Journal of Real Estate Finance and Economics, 20:2, 87±90 (2000)
# 2000 Kluwer Academic Publishers, Boston. Manufactured in The Netherlands.
Introduction to the Special Issue
The Maturation of a Developing Industry:
REITs in the 1990s
JOHN L. GLASCOCK
Department of Finance, George Washington University, 2023 G Street, 540B Lisner, Washington,
Finance Department, University of Connecticut, Storrs, CT 06269
Real Estate Investment Trusts (REITs) have changed substantially during the last few
decades, particularly during the 1990s: about 13 ®rms existed prior to 1972, but over 114
new REITs were created from 1990 to 1997, and another 35 created in 1998. Values
increased from about $6 billion in 1990 to over $300 billion by the end of 1998.
research in this issue helps us to better understand the operations of a growing industry.
The authors consider three key issues of the ongoing management of the REIT as a
business enterprise (Capozza and Seguin; Ghosh, Nag, and Sirmans; Ambrose, Ehrlich,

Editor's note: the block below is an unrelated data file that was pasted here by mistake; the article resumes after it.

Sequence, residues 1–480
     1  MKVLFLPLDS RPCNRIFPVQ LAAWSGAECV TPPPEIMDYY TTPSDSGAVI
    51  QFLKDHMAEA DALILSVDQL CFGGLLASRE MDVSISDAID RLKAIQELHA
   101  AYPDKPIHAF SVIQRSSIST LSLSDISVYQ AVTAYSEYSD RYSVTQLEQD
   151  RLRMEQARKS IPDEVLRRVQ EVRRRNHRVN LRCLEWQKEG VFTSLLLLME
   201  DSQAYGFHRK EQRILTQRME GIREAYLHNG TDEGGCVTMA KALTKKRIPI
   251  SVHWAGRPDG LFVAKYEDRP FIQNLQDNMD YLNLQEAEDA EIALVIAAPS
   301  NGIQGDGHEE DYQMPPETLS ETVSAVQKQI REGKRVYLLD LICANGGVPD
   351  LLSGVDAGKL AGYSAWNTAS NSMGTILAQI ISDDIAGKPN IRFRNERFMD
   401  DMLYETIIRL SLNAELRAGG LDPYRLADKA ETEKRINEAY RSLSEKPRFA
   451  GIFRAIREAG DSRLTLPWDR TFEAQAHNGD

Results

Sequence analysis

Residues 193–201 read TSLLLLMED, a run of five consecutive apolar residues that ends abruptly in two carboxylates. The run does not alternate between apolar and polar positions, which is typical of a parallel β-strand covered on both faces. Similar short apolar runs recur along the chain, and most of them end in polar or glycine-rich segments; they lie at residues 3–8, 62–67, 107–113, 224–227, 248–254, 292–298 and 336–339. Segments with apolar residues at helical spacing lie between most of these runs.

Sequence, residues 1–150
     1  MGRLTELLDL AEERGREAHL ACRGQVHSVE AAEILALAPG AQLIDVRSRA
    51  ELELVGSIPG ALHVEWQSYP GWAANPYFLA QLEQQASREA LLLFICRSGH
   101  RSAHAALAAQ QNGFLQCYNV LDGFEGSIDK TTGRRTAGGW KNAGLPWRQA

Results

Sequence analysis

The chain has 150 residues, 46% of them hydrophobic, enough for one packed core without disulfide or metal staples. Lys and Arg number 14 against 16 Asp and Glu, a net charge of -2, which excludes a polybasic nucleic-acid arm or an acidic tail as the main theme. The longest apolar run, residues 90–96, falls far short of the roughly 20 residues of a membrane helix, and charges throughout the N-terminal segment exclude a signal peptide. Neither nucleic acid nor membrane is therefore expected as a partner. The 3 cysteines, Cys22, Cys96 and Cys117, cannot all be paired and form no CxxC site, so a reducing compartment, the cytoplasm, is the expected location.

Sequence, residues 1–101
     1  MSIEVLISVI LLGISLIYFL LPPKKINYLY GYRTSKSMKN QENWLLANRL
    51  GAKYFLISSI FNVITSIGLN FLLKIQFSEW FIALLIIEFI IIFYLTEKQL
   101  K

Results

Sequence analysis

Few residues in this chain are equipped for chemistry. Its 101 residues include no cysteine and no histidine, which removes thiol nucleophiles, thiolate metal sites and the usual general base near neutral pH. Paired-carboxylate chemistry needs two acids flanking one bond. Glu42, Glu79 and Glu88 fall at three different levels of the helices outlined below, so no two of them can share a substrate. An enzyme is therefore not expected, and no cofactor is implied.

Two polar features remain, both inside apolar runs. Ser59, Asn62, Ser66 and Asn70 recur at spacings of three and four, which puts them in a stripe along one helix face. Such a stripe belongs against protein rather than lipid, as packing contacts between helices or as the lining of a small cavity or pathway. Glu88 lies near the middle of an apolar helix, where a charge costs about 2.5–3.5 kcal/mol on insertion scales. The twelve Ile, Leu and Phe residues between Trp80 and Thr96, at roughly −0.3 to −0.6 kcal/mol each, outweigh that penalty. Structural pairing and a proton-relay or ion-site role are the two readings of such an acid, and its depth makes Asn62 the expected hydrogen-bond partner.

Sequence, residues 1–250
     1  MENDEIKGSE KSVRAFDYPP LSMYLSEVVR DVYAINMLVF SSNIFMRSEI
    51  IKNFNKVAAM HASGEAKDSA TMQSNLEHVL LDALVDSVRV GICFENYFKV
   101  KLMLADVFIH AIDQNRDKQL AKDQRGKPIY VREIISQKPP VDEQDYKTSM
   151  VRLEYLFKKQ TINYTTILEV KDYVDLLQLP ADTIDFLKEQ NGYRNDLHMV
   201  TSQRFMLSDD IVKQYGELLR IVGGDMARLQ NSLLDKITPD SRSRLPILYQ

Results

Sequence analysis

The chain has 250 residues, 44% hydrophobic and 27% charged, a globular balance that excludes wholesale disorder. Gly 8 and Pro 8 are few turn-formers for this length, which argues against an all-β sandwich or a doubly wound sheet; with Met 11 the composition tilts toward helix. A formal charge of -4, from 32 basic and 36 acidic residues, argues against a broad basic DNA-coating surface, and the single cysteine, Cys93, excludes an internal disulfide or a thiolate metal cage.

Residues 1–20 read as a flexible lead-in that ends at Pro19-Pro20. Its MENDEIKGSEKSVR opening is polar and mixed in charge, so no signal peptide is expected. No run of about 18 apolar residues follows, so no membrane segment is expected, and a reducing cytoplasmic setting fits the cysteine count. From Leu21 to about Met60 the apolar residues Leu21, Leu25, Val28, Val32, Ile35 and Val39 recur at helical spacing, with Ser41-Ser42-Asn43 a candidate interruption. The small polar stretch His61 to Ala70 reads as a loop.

Hughes, and Wachter), performance of REITs (Downs; Ling, Naranjo, and Ryngaert;
Glascock, Lu, and So), and the transparency of public-market real estate (McDonald,
Nixon, and Slawson; Cooper, Downs, and Patterson).
Recently, the REIT structure has changed from external to internally advised. By 1999,
there were only 29 externally advised REITs but 139 self-advised REITs. Are there
problems associated with this change? Capozza and Seguin document that externally
advised ®rms may be motivated to have more debt with which they overinvest in assets,
thus causing the return of the REIT to be lower than otherwiseÐby about 7 percent per
year. In their sample, the ®rms have similar property-level cash ¯ows, and the difference in
performance comes from differences in corporate-level expenses, especially interest
charges. Compensation schemes seem to reward outside advisors based on asset size.
Everything else equal, an internal advisory system seems to signal stronger returns. These
results con®rm the outcomes of Howe and Shilling (1990), who found that externally
managed REITs experience negative abnormal returns, and Hsieh and Sirmans (1991),
who found that noncaptive REITs (those REITs that do not have business relationships
with external sponsors or advisors) outperform captive ones.